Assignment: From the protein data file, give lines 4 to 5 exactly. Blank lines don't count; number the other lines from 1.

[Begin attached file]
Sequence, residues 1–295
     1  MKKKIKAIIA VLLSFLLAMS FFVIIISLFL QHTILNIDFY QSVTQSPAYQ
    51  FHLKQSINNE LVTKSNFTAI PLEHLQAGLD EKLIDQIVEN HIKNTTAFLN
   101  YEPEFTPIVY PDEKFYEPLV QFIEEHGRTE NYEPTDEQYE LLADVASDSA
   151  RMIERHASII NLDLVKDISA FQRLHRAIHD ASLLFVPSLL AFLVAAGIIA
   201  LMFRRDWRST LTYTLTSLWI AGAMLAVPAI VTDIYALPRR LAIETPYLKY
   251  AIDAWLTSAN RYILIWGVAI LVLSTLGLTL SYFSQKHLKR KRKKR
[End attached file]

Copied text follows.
   101  YEPEFTPIVY PDEKFYEPLV QFIEEHGRTE NYEPTDEQYE LLADVASDSA
   151  RMIERHASII NLDLVKDISA FQRLHRAIHD ASLLFVPSLL AFLVAAGIIA